Having discovered the smuggling operation, the town council conceives of a plan, where you assault the Sea Ghost and end the smuggling operation once and for all.

The party has a number of options for assault, giving them the opportunity to strike in the dark, or engage in open combat aboard the floating vessel. A terse, exciting, and possibly deadly battle occurs on the deck of the sea ghost. Looting the vessel lets them discover a slew of prizes, not the least of which is a pseudo-dragon looking for a Wizard to bond with, and the fighter thief aquatic elf "Oceanus".

Once complete, a few days pass, until the council becomes curious why such primitive creatures as lizard men would seek the arms and armor from the forges of men? Is the town of Saltmarsh at risk of attack?

I guess if you want to find out, you'd have to play Danger at Dunwater, but that is a different tale.

You enjoying these posts? I'm depending on you to keep writing them. Come make some requests and get a ton of free stuff over on my Patreon!

Hack & Slash 
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On the Hateful Campaign

Bryce Lynch wrote a review of my module, Eyrie of the Dread Eye. He tagged it as "The Best" which I am honored and humbled by.

Sadly, wherever I stand to gain some ground so I can continue to produce works, all of which I hope are high quality, there are people who are engaged in a campaign of harassment against me. They show up wherever I am mentioned and spread lies about me, calling me alt-right, implying I'm a racist, and other hateful extremest rhetoric.

I have a million+ words on this blog that anyone who takes the time to check, would find it's not the case. You could check out my inclusive art broadcasts on twitch where I share about my mental illness and decades of service to my country and community.

Below is my reply to the harassment from the review. I'm doing this because there are people engaged in an active campaign of harassment and slander anywhere I attempt to create and share to the community. I would ask that they please stop. This is me publicly asking people to stop harassing and libeling me. It is very important that we do not respond to extremism, hate, and harassment in kind. Please do not—I don't share too much of my personal beliefs and politics on my blog, because that's private. If I believe differently then you, well, I served my country so you could. We don't have to share political views for me to produce great gaming content. I am only sharing here to refute the lies.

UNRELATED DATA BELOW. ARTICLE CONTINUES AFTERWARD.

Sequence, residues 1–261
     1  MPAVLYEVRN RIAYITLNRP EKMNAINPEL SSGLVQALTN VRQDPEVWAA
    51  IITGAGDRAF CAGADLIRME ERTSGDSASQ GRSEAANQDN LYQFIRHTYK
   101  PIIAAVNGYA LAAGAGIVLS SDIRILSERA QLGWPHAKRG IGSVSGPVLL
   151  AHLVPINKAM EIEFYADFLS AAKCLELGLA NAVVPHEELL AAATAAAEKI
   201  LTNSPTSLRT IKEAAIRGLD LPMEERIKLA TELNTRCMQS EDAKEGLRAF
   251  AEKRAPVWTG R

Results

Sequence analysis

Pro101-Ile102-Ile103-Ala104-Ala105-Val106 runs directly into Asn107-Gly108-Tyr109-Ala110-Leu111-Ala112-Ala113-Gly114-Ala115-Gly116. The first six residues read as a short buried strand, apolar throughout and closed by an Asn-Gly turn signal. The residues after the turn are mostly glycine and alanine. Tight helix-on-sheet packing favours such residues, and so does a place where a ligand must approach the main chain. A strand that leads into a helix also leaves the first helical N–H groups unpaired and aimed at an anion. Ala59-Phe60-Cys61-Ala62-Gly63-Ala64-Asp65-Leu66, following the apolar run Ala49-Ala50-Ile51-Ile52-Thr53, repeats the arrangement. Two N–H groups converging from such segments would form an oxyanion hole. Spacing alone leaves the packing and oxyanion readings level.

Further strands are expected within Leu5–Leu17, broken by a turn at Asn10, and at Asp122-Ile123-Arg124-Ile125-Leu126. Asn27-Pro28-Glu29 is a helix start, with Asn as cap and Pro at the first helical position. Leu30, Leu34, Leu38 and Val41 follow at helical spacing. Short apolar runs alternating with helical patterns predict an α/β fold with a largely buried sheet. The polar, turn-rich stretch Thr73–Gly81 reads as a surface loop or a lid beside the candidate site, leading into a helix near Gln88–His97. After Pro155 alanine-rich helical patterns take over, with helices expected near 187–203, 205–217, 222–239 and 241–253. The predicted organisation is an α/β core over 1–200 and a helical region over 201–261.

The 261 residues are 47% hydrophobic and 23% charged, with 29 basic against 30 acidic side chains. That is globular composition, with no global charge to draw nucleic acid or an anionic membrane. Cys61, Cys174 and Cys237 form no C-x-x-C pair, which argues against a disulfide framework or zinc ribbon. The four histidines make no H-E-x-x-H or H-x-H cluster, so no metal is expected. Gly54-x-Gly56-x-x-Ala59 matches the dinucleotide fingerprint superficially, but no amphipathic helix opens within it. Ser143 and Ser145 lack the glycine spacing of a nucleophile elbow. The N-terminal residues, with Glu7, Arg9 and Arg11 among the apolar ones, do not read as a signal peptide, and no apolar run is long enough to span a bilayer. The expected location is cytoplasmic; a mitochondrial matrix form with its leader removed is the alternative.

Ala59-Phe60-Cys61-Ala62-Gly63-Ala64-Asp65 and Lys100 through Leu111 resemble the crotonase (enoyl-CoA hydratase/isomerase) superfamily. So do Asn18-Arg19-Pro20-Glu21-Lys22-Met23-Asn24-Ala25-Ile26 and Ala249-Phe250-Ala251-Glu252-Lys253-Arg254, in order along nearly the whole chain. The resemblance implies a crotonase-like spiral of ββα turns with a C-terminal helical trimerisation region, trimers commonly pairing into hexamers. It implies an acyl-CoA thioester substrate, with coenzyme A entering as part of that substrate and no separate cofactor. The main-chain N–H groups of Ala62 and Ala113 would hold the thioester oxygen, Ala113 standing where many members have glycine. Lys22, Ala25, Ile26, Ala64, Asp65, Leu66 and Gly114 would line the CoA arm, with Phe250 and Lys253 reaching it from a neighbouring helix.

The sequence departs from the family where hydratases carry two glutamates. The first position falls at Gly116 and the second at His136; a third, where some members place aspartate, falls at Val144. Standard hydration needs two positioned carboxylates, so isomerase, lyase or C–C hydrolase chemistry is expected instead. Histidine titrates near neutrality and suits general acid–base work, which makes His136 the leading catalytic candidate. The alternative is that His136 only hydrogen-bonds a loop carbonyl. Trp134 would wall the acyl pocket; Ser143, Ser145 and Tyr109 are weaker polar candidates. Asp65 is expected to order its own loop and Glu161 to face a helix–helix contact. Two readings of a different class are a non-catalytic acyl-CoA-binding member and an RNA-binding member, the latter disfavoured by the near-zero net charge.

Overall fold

The important thing here, is that the toughest reviewer on the internet thinks what I wrote stands among the best work produced. . . and it's only my first. Wait for the next couple of things I have coming out and I'll try and top what I've already done.

Here was my response.

"Hi! I’m the author!

My name is Courtney Campbell. I vote democrat, have donated to both Yang and Warren so far in the coming election. I’m a veteran of the USMC. I’ve spent 20 years doing social work with disadvantaged youth, including 5 years in alaska working with native youth.

I’m an independent creator. I’m sad that people feel the need to harass me and punch down at people who struggle with mental illness (I have a class A personality disorder that causes me significant issues with, well, life). I’ve spent my whole life working at near minimum wage to help disadvantaged youth, mostly of color. When I worked downstates it was mostly adolescents who were victims of family abuse.

I’m horrified there’s people who show up wherever I am being discussed to spread lies about me. I honestly don’t have any idea what to do about it.

I’m shocked and honored brice took the time to review my module and considered it one of the best. I worked very hard on it, and as noted, it isn’t designed to be read, it’s designed to be played.

I am certain if you read my blog or check out my twitch channel or come on to my discord, you’ll find a welcoming inclusive place where we talk about gaming, support other low income people who suffer from mental illness, and share support for each other.